This week Mark Walker, a federal judge in Florida, called out the Supreme Court in no uncertain terms. The judge was considering Governor Scott's arguments that he has no obligation to extend voting registration because of Hurricane Matthew. The specifics of the case are not important (although the judge's characterization of Scott's position as "poppycock" is worth reading). What's really important is that Judge Walker described "a fundamental right to vote" and applied "strict scrutiny" to Scott's arguments.
To understand why this was such a radical step one has to understand that there is a gaping hole in the constellation of rights that are guaranteed under our Constitution: there is no guarantee of a right to vote. There are rights that surround voting: the XVth Amendment says no one may be denied the vote on the basis of race. The Supreme Court has ruled that federal districts must be equal in the populations they contain. And under Article I, §4 Congress has authority to intervene if States draw districts improperly. For example, it is due to an act of Congress that we have single-member winner-take-all districts. (Please note: Congress could get rid of gerrymandering tomorrow--they choose not to do so.) But none of these things gets to what Judge Walker was saying: that voting, in and of itself and without questions of race or inequal treatment, is fundamental to the American system of democratic rights.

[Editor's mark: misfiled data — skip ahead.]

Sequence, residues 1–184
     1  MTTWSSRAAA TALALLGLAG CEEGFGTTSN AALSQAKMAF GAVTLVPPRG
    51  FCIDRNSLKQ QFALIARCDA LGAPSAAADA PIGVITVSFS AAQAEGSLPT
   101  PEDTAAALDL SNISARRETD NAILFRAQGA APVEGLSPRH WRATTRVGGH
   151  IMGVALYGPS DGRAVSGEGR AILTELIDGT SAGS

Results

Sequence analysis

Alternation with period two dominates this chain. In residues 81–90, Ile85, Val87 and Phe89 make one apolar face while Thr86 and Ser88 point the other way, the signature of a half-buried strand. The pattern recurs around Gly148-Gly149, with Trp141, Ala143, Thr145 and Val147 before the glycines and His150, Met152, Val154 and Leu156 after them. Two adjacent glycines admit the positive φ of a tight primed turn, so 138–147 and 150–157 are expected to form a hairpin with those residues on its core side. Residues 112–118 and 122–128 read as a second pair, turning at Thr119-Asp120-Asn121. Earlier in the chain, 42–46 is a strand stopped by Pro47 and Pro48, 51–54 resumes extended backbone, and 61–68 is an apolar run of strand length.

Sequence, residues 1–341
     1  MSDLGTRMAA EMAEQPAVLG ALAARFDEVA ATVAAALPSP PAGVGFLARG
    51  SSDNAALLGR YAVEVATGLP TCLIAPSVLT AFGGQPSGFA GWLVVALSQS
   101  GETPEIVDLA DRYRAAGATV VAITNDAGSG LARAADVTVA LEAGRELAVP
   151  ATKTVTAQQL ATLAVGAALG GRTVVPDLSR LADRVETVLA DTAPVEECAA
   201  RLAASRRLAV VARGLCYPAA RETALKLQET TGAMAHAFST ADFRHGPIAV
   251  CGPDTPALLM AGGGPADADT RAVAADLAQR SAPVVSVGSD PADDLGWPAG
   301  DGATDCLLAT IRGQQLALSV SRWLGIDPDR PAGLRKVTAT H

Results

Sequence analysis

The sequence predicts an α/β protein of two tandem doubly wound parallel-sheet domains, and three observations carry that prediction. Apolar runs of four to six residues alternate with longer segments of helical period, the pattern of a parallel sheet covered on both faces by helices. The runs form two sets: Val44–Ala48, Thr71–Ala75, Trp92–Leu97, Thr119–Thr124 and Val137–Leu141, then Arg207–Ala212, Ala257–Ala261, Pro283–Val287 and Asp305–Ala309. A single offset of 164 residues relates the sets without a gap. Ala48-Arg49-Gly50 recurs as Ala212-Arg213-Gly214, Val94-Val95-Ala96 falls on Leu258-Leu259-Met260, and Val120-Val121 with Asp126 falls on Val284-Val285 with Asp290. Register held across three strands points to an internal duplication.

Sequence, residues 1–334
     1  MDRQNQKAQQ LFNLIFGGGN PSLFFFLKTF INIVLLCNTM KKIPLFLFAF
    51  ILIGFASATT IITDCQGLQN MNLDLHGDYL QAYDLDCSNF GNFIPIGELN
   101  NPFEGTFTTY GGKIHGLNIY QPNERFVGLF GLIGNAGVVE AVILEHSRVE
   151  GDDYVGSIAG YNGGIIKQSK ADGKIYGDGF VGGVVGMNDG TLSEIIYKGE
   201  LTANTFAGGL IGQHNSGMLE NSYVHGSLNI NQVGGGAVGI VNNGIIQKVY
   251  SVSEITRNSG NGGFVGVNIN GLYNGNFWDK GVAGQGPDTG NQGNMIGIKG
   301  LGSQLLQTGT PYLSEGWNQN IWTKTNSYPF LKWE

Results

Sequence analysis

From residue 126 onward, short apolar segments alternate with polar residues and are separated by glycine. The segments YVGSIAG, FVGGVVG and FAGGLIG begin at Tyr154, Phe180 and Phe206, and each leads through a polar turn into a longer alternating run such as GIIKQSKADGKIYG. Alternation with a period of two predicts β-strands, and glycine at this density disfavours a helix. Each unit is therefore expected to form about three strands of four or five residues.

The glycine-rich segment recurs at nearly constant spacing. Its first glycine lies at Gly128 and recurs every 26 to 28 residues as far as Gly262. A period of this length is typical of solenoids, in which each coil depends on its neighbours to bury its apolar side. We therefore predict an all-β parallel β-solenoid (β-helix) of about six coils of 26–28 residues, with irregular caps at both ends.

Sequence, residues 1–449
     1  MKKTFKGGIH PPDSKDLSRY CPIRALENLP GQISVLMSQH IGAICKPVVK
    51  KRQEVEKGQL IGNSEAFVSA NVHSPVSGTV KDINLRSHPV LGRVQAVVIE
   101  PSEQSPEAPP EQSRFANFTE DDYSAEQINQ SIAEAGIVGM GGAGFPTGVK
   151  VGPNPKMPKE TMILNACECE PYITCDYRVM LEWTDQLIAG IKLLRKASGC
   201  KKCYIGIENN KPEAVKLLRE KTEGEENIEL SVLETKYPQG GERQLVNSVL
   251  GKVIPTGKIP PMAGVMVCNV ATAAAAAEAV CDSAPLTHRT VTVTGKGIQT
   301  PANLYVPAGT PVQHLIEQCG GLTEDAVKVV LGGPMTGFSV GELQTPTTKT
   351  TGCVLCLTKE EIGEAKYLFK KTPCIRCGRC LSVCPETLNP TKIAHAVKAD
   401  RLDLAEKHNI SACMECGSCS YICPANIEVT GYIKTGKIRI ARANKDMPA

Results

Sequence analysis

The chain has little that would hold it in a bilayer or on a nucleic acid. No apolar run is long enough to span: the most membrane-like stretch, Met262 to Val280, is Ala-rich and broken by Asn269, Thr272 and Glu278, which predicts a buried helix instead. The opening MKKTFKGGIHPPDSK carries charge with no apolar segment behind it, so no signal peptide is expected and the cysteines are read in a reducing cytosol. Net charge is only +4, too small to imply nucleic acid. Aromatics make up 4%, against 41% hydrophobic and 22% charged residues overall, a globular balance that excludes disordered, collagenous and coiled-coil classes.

It's not that no one has thought of this before. Walker quotes an earlier case called Wesberry v. Sanders: "No right is more precious in a free country than that of having a voice in the election of those who make the laws under which, as good citizens, we must live. Other rights, even the most basic, are illusory if the right to vote is undermined." In 1986, in Davis v. Bandemer, the Court ruled that judges have the authority to intervene to correct excessive political manipulation of electoral districts. But 1986 which was a very different era. The attitude of the Court in the modern era is best captured by the late Justice Scalia in a 2004 opinion, Vieth v. Jubilirer. Scalia, writing for a 5-4 majority, overruled Bandemer and concluded that political gerrymandering raises no "judicially enforceable" constitutional issues at all.